Right, right. And I remember when my father called me years and years ago and I didn’t take the call, I didn’t wanna talk to him. And my son was like, dad, how can you not talk to your dad? And I was really happy, because I said, okay, I fucking did a good job here. But I was like, Nick, I don’t expect you to understand it. And I’m sorry if it’s causing you stress, but I can’t explain it. But what I was gonna say is,

oliver Leiber (26:04.87)

Craig Garber (26:15.894)
there’s so many people that have these toxic relationships and like justifiably say, you know what, it’s time to split man in any whatever. And then you always get these people, you only have one mother and father. Well, you know, then why were they such assholes? You know, it’s like, you know, I, you know, so I say that. So when people saying when I’m, you know, you hadn’t spoken to your dad in years,

oliver Leiber (26:32.79)

Craig Garber (26:41.398)
There’s a reason why people do it’s not a natural thing to say, I’m going to cut my fucking parents out of my life. It’s, you got to be pushed to levels of like, this is bad, you know,

oliver Leiber (26:46.572)

oliver Leiber (26:51.89)
Yeah, and I also think that there’s way more society and the consciousness because of 12 step programs and because just in general sort of family systems and are just the general knowledge that people have about these things is so much greater now, the kids that have grown up the last, but kind of back when I was,

Craig Garber (27:13.075)

oliver Leiber (27:20.49)
you know, going through this and sort of made the decision not to really have any contact with my family for a long time. Um, it was, uh, it was in a popular notion. It was hard for people to understand that these relationships could be really toxic, you know, I mean, you know, the reason why

Craig Garber (27:38.259)
Yeah, I could understand that.

oliver Leiber (27:45.646)
I needed a drink and getting a high to survive my family, you know, just made it out of there, like on the plane out of there, you know, by the you know, by the skin of my teeth, and realizing as I was trying to be sober and get my life together, that there wasn’t a lot of support for that at all coming from my family of origin, you know.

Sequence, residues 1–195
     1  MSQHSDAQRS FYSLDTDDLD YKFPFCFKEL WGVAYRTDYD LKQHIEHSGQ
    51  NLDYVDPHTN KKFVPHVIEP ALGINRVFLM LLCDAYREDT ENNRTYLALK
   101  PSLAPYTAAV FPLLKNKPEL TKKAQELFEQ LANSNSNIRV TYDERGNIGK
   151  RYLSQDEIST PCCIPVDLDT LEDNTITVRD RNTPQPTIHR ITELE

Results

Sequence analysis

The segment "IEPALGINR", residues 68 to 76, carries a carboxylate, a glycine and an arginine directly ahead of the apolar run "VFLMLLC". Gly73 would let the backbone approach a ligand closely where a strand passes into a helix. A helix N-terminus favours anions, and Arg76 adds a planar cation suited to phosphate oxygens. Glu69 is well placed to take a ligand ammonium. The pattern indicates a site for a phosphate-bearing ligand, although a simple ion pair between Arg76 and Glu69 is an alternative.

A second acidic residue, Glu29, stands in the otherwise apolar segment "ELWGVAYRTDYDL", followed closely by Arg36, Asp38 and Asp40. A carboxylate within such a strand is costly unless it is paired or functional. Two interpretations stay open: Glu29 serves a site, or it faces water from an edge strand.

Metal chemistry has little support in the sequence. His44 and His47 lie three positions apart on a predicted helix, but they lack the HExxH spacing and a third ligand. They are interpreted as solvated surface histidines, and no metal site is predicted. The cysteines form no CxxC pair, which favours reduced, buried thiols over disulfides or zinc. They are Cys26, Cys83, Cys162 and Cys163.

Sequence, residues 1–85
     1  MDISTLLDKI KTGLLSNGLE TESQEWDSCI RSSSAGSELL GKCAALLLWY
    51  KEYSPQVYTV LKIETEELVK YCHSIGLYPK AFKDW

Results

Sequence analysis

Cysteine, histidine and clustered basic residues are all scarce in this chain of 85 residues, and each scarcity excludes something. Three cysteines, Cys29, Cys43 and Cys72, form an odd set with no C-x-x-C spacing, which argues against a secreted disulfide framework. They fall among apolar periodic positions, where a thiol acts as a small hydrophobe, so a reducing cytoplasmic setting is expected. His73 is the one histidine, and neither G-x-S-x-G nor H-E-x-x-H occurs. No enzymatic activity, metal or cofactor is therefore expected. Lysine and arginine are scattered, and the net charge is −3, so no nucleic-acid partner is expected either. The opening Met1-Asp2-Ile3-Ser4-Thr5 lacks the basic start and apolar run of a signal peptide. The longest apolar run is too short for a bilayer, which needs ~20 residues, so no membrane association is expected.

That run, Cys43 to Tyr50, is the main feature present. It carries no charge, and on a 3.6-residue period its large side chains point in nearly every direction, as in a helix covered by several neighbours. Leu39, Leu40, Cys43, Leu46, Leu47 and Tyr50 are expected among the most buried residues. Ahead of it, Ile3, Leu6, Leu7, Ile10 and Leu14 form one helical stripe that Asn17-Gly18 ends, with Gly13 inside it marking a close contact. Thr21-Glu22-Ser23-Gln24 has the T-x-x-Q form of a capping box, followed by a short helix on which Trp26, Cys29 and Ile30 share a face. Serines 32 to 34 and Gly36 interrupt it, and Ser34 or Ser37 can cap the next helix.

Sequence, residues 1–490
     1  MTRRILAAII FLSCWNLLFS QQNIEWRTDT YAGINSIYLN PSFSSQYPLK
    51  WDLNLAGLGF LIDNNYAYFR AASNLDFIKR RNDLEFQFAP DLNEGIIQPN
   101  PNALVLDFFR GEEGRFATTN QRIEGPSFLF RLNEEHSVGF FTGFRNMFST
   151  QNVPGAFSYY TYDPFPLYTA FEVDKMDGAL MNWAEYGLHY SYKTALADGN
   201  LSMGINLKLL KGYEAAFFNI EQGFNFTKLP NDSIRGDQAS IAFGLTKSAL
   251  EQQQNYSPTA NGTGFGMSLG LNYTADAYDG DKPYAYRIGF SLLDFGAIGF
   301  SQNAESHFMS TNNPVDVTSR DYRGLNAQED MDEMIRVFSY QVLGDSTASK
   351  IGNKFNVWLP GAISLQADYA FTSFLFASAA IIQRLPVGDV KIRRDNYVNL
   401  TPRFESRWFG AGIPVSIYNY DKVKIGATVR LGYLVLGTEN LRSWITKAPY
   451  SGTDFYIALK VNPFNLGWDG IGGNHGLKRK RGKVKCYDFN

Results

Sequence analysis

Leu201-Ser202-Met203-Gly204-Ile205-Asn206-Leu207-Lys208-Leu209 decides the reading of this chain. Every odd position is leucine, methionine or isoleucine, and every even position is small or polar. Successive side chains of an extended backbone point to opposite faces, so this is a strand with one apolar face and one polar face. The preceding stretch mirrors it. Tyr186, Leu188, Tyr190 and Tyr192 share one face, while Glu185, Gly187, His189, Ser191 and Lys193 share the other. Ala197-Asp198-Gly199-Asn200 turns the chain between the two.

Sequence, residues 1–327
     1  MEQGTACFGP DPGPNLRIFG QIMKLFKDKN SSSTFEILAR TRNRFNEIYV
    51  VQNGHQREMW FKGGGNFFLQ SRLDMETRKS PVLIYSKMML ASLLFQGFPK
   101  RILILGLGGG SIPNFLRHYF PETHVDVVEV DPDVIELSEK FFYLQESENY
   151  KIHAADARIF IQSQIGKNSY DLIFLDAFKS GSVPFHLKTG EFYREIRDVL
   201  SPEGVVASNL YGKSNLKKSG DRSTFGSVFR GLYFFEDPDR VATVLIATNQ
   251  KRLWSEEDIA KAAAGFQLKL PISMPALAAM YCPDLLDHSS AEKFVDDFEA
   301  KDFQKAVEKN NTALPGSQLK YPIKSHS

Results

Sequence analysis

Craig Garber (27:52.217)
I totally get yes.

Craig Garber (28:02.088)

Craig Garber (28:14.294)

oliver Leiber (28:15.55)
Because in order for people to acknowledge that, they have to acknowledge their own.

Craig Garber (28:20.842)
their own shit. Yeah. And their own and their own flaws in contributing to potentially that situation. Yeah, that’s a big ask for most people, man. Yeah. I want to get into this, but I love the one story you told you’re flying out of town. And you’re like, I want to get I wanted to get buzzed one time, but I made the mistake of drinking airplane wine.

oliver Leiber (28:21.838)
their own shit. Nobody was ready to do that.

oliver Leiber (28:30.391)

oliver Leiber (28:46.499)
Oh, well, it was just it was sadly the last when I left town, when I left New York to go to Hazelden to treatment. All they had on the plane was, and you know, and I had been. Again, you know.

using hard drugs and whatever smoking weed and everything up into the moment, you know that morning that I got on that plane. And yeah, all they had was like the screw off, you know, top the screw up top, Paul Masson.

Craig Garber (29:13.739)

Craig Garber (29:26.018)
You’re like 13 again, going into the bodega.

oliver Leiber (29:29.762)
So sadly, the last alcohol I’ve ever had was, yeah, Palmasong wine, a little red bottle of wine in July 20th, 1983.

Craig Garber (29:40.159)

Craig Garber (29:45.938)
Yeah, yeah, that was a funny story. Yeah. Okay, so you hadn’t spoken to your dad in years and I really, this was freaking impressive. So you meet with your dad and he listens to a song that you have, he hooks you up with, oh, over the phone, okay. He hooks you up with Russ Tittleman, the famous producer, and he has Russ listen to this song and Russ wants to work with you and he wants to have.

oliver Leiber (29:47.658)
was death.

oliver Leiber (29:58.87)
No, it was just over the phone.


oliver Leiber (30:07.298)

Craig Garber (30:14.49)
Chaka Khan record the song and when I read this man, I really respected you because this is like shows what people are made of. You turned them down because you wanted, you didn’t want to stand on your dad’s shoulders. And I really get that. And then instead you said, you work with Paula Abdul instead, you produced her and she was a complete unknown.

oliver Leiber (30:16.375)

Craig Garber (30:43.306)
But I’d love if you can share the story. I have some questions, but I want you to tell the story first if you’re okay with it.

oliver Leiber (30:49.134)
Sure. And I wish I could take all the credit for, yes, I did wanna stand on my own. I did get some feedback and some advice and I was left to sort of weigh it out. But the story goes, I wrote this song.